|Author:||Joan Ozark Holmer|
|Title:||The Merchant of Venice: Choice, Hazard and Consequence|
|Format:||txt mbr docx lit|
|ePUB size:||1709 kb|
|FB2 size:||1275 kb|
|DJVU size:||1717 kb|
|Category:||History and Criticism|
|Publisher:||Palgrave; 1995 edition (February 15, 1995)|
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Choice, Hazard and Consequence. Chapters Table of contents (6 chapters). About About this book. PDF. ‘Truth will come to light’: The Historical Prism. Pages 44. ‘Give and hazard’: Friends and Lovers. The Merchant of Venice, Shakespeare's most frequently performed and currently most controversial comedy, continues to confront in its stage and critical history the ongoing debate over its artistic unity.
Discovering a tightly knit interplay of contrarieties and correspondences, she argues for the play's unity of dramatic design through its enactment of choices for or against a complex conception of wise love. Historical contexts - aesthetic, theological, and economic - anchor the play's problems of finance and faith that make or break a variety of secular and spiritual bonds.
Description: Bryan . world-literature/?page 72. New York: St. Martin's P, 1995. ISBN 0 312 12411 2 Cloth.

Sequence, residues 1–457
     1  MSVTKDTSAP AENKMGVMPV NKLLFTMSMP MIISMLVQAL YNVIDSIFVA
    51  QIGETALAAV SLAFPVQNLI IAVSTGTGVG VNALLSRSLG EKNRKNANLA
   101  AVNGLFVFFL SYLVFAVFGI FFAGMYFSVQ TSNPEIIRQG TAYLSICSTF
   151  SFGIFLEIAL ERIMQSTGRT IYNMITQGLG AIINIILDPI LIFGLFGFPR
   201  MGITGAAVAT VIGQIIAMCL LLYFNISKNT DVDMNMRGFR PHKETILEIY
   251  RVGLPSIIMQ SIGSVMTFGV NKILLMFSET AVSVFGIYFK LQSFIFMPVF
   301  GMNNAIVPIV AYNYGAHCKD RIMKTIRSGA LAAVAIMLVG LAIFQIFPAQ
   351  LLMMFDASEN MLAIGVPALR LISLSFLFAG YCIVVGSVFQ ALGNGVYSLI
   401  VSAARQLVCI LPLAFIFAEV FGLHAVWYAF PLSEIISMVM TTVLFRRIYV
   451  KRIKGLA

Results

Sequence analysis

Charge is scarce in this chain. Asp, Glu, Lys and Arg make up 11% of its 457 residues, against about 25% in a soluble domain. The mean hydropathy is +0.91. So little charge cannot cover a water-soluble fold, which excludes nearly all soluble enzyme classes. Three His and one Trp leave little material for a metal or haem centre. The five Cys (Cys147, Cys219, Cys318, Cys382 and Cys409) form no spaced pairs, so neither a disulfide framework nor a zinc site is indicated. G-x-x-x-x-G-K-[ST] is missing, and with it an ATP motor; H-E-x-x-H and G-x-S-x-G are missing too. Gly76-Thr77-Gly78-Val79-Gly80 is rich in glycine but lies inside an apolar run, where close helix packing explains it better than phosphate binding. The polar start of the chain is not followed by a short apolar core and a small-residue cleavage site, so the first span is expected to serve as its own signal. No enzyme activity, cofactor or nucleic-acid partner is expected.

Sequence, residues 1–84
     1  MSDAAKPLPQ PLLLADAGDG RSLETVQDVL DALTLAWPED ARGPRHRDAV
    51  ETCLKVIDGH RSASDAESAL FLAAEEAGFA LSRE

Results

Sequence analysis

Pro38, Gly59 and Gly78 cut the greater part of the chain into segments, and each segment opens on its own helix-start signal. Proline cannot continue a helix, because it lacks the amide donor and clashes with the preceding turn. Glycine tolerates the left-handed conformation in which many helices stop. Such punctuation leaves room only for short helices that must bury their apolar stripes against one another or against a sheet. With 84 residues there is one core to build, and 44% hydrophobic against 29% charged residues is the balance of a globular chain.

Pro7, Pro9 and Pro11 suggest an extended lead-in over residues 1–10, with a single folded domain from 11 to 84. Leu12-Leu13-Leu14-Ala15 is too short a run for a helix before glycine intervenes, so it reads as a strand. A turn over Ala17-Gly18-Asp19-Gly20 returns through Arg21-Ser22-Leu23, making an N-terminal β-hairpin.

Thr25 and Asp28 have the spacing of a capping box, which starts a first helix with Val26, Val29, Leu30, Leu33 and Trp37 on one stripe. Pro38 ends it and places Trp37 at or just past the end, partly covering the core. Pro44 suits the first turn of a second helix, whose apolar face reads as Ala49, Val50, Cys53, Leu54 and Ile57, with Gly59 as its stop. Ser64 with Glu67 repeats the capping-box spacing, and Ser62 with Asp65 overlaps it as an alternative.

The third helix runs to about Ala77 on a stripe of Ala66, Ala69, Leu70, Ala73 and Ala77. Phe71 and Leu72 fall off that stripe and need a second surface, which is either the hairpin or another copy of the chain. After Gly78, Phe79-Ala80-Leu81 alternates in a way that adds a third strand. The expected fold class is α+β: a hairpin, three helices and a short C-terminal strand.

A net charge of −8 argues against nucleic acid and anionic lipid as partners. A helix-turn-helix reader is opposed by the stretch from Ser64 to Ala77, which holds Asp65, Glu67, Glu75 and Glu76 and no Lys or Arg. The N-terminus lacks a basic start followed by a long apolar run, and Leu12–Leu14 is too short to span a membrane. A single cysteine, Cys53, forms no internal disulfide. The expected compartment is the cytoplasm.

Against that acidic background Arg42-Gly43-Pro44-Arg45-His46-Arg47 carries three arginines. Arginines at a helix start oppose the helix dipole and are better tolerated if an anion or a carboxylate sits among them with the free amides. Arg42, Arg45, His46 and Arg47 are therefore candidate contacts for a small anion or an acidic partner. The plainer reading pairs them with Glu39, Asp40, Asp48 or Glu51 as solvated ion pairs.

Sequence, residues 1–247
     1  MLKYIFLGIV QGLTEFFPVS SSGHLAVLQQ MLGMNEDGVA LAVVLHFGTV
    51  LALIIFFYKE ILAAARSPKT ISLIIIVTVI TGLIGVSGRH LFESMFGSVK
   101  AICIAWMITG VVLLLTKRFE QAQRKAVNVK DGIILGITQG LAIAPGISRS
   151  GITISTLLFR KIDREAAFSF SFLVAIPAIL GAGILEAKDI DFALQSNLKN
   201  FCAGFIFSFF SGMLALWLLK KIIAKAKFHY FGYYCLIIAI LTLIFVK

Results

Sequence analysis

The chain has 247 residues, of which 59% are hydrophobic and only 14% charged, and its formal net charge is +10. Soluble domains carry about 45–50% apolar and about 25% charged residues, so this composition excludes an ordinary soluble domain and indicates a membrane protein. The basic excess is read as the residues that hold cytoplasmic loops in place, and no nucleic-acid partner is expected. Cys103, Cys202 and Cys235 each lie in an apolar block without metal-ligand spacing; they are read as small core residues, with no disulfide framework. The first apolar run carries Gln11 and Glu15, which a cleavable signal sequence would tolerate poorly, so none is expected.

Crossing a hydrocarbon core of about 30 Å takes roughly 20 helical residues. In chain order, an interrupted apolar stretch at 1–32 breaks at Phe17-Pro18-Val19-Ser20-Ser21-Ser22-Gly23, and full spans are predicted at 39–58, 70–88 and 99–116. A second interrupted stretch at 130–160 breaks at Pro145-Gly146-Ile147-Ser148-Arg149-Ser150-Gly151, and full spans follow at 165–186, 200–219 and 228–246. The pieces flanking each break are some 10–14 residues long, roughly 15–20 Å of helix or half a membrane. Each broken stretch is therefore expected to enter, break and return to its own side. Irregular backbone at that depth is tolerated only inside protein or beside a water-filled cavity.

Cover/Number of pages: Paperback, 392 pages. Publication: Published February 8th 1995 by Palgrave.
Shakespeare’s Sources for Merchant of Venice. Auden compares mercantile Venetian society in The Merchant of Venice to the feudal societies portrayed in Shakespeare’s medieval history plays, examining how the different economic systems create different value systems in the worlds of the plays. He gives a history of usury and analyzes the contrast between idyllic Belmont and mercantile Venice in The Merchant of Venice. Shylock: A Legend and Its Legacy. The essays examine The Merchant of Venice through the lenses of modern literary and cultural theories such as feminism and post-colonialism. The texts cover a wide variety of concepts ranging from anti-Semitism, to Christopher Marlowe, to the play’s historical stagings. New York: Columbia University Press, 1996.
Twisted Tales from Shakespeare. New York: McGraw-Hill Book Company, 1957. Auden, W. H. Brothers & Others. In The Dyer’s Hand and Other Essays, 218–237. New York: Random House, 1962. Barnet, Sylvan, ed. Twentieth Century Interpretations of The Merchant of Venice: A Collection of Critical Essays. Englewood Cliffs, New Jersey: Prentice-Hall, 1970. Granville-Barker, Harley. The Merchant of Venice: Choice, Hazard, and Consequence. Basingstoke, Hampshire: Macmillan, 1995.
The Merchant of Venice was probably written in either 1596 or 1597, after Shakespeare had written such plays as Romeo and Juliet and Richard III, but before he penned the great tragedies of his later years. Its basic plot outline, with the characters of the merchant, the poor suitor, the fair lady, and the villainous Jew, is found in a number of contemporary Italian story collections, and Shakespeare borrowed several details, such the choice of caskets that Portia inflicts on all her suitors, from pre-existing sources .